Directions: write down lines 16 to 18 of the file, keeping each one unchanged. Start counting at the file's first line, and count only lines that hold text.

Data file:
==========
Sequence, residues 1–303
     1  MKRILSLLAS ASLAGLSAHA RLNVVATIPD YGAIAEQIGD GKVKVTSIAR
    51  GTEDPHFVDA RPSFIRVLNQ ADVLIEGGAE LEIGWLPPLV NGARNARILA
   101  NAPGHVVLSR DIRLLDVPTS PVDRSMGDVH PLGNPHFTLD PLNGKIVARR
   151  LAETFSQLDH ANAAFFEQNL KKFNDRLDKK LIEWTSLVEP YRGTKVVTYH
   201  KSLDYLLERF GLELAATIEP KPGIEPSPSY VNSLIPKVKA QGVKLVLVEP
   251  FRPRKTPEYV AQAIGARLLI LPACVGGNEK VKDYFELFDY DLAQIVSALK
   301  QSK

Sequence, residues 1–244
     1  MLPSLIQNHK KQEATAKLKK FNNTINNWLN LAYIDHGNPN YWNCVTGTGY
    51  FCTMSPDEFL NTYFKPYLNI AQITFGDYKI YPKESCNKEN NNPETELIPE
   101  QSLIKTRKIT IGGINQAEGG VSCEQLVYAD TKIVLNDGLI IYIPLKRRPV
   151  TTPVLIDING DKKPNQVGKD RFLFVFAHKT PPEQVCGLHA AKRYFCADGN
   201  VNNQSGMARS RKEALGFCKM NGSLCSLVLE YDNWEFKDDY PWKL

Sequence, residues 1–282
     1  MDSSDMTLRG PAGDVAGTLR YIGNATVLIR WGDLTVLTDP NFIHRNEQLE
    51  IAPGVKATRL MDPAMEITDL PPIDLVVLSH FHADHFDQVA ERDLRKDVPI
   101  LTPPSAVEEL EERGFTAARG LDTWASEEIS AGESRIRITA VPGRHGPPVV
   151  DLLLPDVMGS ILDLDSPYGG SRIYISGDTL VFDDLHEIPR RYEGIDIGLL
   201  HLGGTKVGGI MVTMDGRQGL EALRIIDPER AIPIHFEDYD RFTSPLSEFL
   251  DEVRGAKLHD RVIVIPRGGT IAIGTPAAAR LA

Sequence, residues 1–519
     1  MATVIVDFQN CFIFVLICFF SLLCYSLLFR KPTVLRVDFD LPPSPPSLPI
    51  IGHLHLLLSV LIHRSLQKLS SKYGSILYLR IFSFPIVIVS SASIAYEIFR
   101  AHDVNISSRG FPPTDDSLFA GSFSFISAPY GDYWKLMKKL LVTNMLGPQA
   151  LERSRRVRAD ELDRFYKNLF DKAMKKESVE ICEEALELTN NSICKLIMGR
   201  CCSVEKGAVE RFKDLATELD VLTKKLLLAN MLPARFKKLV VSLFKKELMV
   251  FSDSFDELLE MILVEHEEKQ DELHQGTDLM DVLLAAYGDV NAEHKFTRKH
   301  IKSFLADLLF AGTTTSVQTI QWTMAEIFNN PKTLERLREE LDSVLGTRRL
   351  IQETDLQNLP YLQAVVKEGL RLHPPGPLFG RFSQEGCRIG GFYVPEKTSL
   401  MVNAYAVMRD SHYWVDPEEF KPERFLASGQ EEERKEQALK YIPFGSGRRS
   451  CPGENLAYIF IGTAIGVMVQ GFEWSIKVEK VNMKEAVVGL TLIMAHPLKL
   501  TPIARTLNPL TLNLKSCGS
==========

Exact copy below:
     1  MDSSDMTLRG PAGDVAGTLR YIGNATVLIR WGDLTVLTDP NFIHRNEQLE
    51  IAPGVKATRL MDPAMEITDL PPIDLVVLSH FHADHFDQVA ERDLRKDVPI
   101  LTPPSAVEEL EERGFTAARG LDTWASEEIS AGESRIRITA VPGRHGPPVV